Ellen Bryson talks about the ideas behind her new novel, The Transformation Of Bartholomew Fortuno
The Transformation Of Bartholomew Fortuno started with an image of six bearded sisters in a circus tent. I'd been reading Angela Carter at the time - she loved to write about bawdy burlesque women, and I'd just finished her amazing Nights at the Circus. I woke up at three that morning to a vision of these six fabulous sisters lined up in the shape of a half-moon, their bearded faces lifted to the tent's canvas ceiling. One after the other, they shouted out their names, a spotlight glimmering off their cheekbones and their luscious beards.
Today, I remember only two names: the first, Esmeralda, a spry young thing who still whispers to me for space on the page. The second was Iell. I can still see her calling out, "Iell," her beard a stunning, burnished red, her face the face of an angel. I couldn't take my eyes off of her. How could a woman with a beard be so beautiful? And so feminine? As the rest of the sisters dissolved into a sepia background, I couldn't help but wonder if others would see her beauty or only see the beard? What would it have been like to be her? What was her story?
Iell will tell me, I thought. But, for the life of me, no matter how clearly I could see her, Iell would not speak.
So, hoping for inspiration, I hit the Internet looking for juicy tidbits about the circus and bearded women. There was Julia Pastrana, billed as Monkey Girl at the turn of the twentieth century, and the Baroness Sidonia de Barcsy, a member of the Hungarian aristocracy who gave birth to a dwarf, then promptly grew a full beard. Then I came across the saucy Annie Jones, who started out as the Bearded Girl, and the elegant Mme. Clofullia, the Bearded Lady of Geneva, both of whom worked for P.T. Barnum in the mid-nineteenth century. This was well before Barnum became the circus impresario I'd expected to find, and I was thrilled to discover that he was the world's first advertising man and all but invented public hype. Best yet, his showplace was the American Museum in New York City, an audacious place full of curios and theatrical events, and destined to burn to the ground that very year. Perfect.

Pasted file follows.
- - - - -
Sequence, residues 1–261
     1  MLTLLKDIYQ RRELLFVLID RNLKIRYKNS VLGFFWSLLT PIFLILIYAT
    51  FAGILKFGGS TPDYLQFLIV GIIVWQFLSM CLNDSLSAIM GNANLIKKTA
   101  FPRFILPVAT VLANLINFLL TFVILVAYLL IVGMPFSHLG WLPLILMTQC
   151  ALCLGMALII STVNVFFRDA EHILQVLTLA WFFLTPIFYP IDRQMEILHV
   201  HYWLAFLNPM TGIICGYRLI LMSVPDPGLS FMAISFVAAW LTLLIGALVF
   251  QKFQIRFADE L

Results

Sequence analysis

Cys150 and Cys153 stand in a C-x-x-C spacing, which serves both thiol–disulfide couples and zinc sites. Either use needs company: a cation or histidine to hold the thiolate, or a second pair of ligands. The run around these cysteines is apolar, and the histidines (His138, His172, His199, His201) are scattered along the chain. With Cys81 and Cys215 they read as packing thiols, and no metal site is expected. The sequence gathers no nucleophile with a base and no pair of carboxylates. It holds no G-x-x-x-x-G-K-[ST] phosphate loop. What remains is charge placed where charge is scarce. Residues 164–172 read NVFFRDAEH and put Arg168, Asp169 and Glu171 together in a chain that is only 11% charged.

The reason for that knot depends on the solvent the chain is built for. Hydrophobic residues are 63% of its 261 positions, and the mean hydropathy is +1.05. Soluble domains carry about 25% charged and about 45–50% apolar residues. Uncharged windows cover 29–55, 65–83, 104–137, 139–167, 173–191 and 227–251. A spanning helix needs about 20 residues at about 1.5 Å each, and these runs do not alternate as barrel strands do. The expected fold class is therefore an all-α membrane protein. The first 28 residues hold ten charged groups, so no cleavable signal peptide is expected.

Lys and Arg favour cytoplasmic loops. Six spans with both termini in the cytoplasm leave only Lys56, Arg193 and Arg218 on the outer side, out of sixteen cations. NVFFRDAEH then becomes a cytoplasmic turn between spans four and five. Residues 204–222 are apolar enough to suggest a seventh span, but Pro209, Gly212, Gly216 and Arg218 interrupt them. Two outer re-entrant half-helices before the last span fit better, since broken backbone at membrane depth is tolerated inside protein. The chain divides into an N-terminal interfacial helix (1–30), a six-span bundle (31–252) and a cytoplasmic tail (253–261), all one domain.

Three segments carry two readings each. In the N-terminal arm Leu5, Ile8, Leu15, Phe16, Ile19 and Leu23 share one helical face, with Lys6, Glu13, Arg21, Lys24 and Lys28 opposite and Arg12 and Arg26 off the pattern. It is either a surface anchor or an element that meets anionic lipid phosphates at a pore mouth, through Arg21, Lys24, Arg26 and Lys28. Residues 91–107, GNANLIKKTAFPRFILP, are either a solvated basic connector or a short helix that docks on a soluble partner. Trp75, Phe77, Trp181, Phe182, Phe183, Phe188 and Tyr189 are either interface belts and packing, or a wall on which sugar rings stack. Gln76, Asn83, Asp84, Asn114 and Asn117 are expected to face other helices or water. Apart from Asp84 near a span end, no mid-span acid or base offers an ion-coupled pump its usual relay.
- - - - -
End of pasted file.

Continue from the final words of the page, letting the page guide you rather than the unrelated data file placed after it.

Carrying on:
Pictures of the freaks from his Museum gave me all I needed for characters. Fat women, giants, midgets, albinos, anyone not of the norm. But it was a picture of one of his resident skinny men, Isaac Sprague, that really started things. Billed as the Living Skeleton, Sprague soon morphed into the character Bartholomew Fortuno, who, once he was renamed, proved to be so proud and distinctive, it became evident who my narrator would be. How interesting to find out that he loved his emaciated body and saw it as a gift to mankind. What better way to ensure these Prodigies would be seen as real people?
What I didn't expect was that it would end up to be Fortuno's story, and that through him, more questions would arise. What was gift and what was providence? How are we made? How much can perception mold our sense of self? What does mommy really have to do with it all?
Once I realized that Fortuno found Iell beautiful not despite her beard, but because of it, the story came alive. To live in his world had its own hierarchy. Difference equated to value. What made one separate instilled worth. But beyond that, his life was the same as anyone's lives, buttressed by ego, flattened by illness, buffeted about by love and envy, just like the rest of us. Fortuno's story is about bodies, to be sure. Strange, unique, uncommon bodies that were an art form for him. But heart still ruled, and the rules of his society still applied.
And truth, no matter who you are, is still truth.